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Inauguration jolts Internet

Chuck Burton / AP
Amanda Raflo watches the inauguration of President Obama on her laptop while

studying at a coffee shop in Charlotte, N.C., on Tuesday.

President Obama's inauguration sparked significant traffic jams - not only on Washington's streets but in cyberspace as well, according to Web performance monitors. They reported slowdowns at the Web sites run by the White House and the U.S. Senate as well as at several online news outlets.

The fact that the raw numbers of Web users didn't rise to the levels seen on Election Night suggests the problem wasn't the number of people who were online, but the amount of bandwidth each of those people was using.

"It's safe to say that streaming video was a significant contributor to these slowdowns," said Shawn White, director of external operations at Keynote Systems Inc. Another likely factor is the rapid rise of bandwidth-heavy sharing sites such as Flickr and YouTube, he said.

Keynote Systems is a California-based company that focuses on measuring and testing performance on the Internet and mobile networks. Service providers knew weeks ago that Washington's wireless networks were going to be stressed today, but it turns out that a lot of Web servers far from the scene of the action were as well.

White listed eight online news sites where the response times were significantly slower than normal: ABC News, CBS News, Fox Business, the Los Angeles Times,, NPR, USA Today and The Wall Street Journal.

"Only NPR actually experienced an outage," he told me. On another front, The Associated Press reported that CNN had to put some viewers on a "wait list" for a while before they could watch the inauguration.

The Bush-Obama transition affected the White House Web site, where pages took twice as long to load in the 10 a.m.-to-noon ET time frame, and up to 16 times longer at 11:30 a.m., White said. Response times snapped back to normal at 12:07 p.m., once the Obama administration officially took charge.

The Senate Web site was 60 percent slower than usual today - and 63 percent of the time, attempts to connect didn't go through at all, according to the Keynote figures. Even Keynote's Business Top 40 sites were affected. "What we saw was a sharp slowdown in performance from 11 a.m. to 1:30 p.m.," White said.

"Obviously the Internet is resilient, and it can handle these events, but it might take longer to do what you want to do," he said.

Keynote can't keep track of how many visitors are clicking into particular Web sites, or what they're doing once they get there. The company's monitoring software can only determine how Web sites are coping with the traffic. But White speculated that the sharp and sudden slowdown could be traced, at least in part, to the "multiple gigabytes of video traffic running on the Internet."

That view was reinforced by figures from Akamai, a Massachusetts-based company that provides streaming-media services for a long list of Web sites, including In a news release, the company said today marked its biggest day ever for live streaming video.

The peak of more than 7 million active simultaneous streams came at 12:15 p.m. ET, just as Obama was launching into his inaugural address. That figure compares with an average of 1.3 million for the previous 24 hours. Check out Akamai's real-time visualization to see what the current figures are.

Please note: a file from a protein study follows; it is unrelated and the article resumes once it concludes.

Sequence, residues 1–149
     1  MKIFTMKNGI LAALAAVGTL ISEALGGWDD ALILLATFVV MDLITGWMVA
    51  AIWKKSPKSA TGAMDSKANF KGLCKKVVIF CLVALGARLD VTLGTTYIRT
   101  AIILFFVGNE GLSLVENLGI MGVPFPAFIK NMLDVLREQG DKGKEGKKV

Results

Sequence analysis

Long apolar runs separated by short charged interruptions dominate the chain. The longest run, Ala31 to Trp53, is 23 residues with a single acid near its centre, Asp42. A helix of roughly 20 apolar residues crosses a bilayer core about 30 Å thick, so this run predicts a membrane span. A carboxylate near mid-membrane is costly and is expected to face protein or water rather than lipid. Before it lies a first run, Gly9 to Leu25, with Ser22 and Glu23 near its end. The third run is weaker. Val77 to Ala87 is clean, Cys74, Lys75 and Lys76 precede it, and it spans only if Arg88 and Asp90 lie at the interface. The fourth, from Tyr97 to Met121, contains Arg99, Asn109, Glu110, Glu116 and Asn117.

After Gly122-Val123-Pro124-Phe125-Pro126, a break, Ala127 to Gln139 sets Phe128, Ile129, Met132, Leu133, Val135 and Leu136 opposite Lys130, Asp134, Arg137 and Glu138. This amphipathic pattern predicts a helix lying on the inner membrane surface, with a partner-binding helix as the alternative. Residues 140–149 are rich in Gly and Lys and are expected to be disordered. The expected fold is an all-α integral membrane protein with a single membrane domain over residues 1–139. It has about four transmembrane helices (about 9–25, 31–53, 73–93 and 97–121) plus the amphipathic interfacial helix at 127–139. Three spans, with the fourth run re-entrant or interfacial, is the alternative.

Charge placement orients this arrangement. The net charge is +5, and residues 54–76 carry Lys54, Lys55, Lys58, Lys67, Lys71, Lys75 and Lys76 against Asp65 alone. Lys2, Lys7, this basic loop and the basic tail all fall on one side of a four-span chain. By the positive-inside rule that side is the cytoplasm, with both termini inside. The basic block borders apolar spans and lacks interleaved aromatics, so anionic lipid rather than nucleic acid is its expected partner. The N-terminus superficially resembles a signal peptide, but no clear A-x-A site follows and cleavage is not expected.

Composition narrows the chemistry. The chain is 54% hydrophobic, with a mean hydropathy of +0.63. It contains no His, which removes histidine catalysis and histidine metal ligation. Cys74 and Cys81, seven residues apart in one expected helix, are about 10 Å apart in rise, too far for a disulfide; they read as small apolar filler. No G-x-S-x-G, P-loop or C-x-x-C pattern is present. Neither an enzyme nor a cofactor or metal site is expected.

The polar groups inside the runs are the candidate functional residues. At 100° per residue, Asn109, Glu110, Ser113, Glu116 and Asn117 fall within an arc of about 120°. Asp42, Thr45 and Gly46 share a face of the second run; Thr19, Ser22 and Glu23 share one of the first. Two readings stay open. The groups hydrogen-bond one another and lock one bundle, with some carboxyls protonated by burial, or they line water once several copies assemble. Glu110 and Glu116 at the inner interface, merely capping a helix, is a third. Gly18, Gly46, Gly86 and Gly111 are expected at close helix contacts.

"In addition to the historic nature of the inauguration, it is now clear that this event has driven unprecedented demand from an global online audience," Robert Hughes, Akamai's executive vice president of global sales, services and marketing, said in the news release.

Akamai also maintains an index showing the number of Internet users clicking into online news sites, and today's figures showed a significant spike of 5.4 million users per minute at 11:45 a.m. ET. However, that peak ranks just No. 5 on Akamai's all-time list, just below the first day of the NCAA's "March Madness" basketball tournament in 2006.

So what's No. 1? Election Night 2008, when the traffic reached nearly 8.6 million users per minute at 11 p.m. ET.

Of course, the inauguration is a different kind of event. Back in November, Internet users were most likely looking for quick updates on the voting results. Today, they were more in the mood to watch the grand event as it happened, with all the bells and whistles. And because it happened during workday hours, when more people have access to fast connections at the office, that would encourage viewers to become bandwidth hogs.

Video wasn't the only big draw of the day: Traffic also spiked at social networking sites such as Facebook (where users can keep their friends posted on what they're up to) and Twitter (where 140-character "tweets" can be traded among friends). Obama took advantage of such sites during his campaign, so it's only natural that they were in high gear today.

Twitter co-founder Biz Stone told me that today's tweets-per-minute peaked at a level five times higher than the week-ago average (as shown on this chart). Despite the increased traffic, there were few reports of glitches. Even TwitPic, a Web site that lets Twitter users swap photos, was able to handle the increased load.

"TwitPic made it through the inauguration great, don't think we even experienced any slowness either," the site's creator, Noah Everett, told me in an e-mail. "We upgraded some of our hardware this weekend to handle the traffic."

But before anyone gets overly impressed with today's traffic spikes, consider this claim, advanced by Silicon Alley Insider: Not even Obama's inauguration was as popular as the Puppy Cam.